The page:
Schönborn spoke of a gay friend who, after multiple temporary relationships, now has a stable partner.
“They share a life, they share their joys and sufferings, they help one another,” he said. “It must be recognized that this person took an important step for his own good and the good of others, even though it certainly is not a situation the Church can consider ‘regular’.”
Returning to his theme of “positive elements” in otherwise sinful relationships, a particularly detailed illustration of Schönborn’s thought is to be found in an August, 2015 interview between the cardinal and Father Antonio Spadaro, S.J., a close friend and collaborator of the pope. Father Spadaro, who is seen by Vatican insiders as a man with a unique understanding of the mind of Pope Francis, has now made reference to this interview at least 12 times on his Twitter account. Among the more noteworthy passages in the interview is Schönborn’s analogy between his understanding of marriage and a long-controversial passage (widely believed to have been composed by then Father Ratzinger) in Lumen Gentium, the Second Vatican Council’s constitution on the Church (with our emphasis):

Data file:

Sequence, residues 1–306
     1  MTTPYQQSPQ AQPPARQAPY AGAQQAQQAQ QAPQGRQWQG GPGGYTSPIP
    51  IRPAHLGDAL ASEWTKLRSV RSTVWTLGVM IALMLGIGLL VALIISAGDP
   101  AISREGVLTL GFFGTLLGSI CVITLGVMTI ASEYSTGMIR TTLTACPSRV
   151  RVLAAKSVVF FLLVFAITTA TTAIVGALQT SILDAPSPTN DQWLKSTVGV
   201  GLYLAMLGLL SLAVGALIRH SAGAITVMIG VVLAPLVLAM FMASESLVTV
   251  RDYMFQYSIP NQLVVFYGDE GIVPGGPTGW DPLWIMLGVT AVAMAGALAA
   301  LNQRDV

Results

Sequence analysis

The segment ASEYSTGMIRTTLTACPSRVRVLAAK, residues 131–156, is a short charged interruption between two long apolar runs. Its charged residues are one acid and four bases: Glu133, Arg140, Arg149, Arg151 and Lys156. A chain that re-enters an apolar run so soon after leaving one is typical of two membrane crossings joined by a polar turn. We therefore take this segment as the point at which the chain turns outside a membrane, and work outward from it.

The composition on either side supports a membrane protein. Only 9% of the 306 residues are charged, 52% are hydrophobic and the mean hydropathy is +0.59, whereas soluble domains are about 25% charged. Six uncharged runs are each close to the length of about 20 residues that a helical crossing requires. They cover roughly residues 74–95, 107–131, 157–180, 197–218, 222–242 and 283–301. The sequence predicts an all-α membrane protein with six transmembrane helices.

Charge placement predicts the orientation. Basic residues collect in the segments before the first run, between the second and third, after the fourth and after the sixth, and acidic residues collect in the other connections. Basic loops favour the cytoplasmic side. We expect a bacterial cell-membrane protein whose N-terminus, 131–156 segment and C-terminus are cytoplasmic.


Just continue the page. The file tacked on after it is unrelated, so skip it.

At the last Synod, I proposed a reading key that aroused many discussions and was still recorded in the Relatio post disceptationem, that is no longer present in the final document, Relatio Synodi. It was an analogy with the ecclesiological reading key given by Lumen gentium, the constitution on the Church in its article 8. The question in question is: “Where do you find Christ’s Church? Where is it concretely embodied? Does the Church of Jesus Christ exist, as he wanted it and founded it?” The Council answered this with the famous affirmation: “The only Church of Jesus Christ subsists in the Catholic Church”, subsistit in Ecclesia catholica. It is not a pure and simple identification, as if it says that the Church of Jesus Christ is the Catholic Church. The Council affirmed: “it subsists in the Catholic Church” united to the Pope and the legitimate bishops. The Council adds this phrase which has become key: “Although many elements of sanctification and of truth are found outside of its visible structure, these elements, as gifts belonging to the Church of Christ, are forces impelling towards catholic unity.” The other confessions, the other Churches, the other religions are not simply nothing. The Vatican excludes an ecclesiology of all or nothing.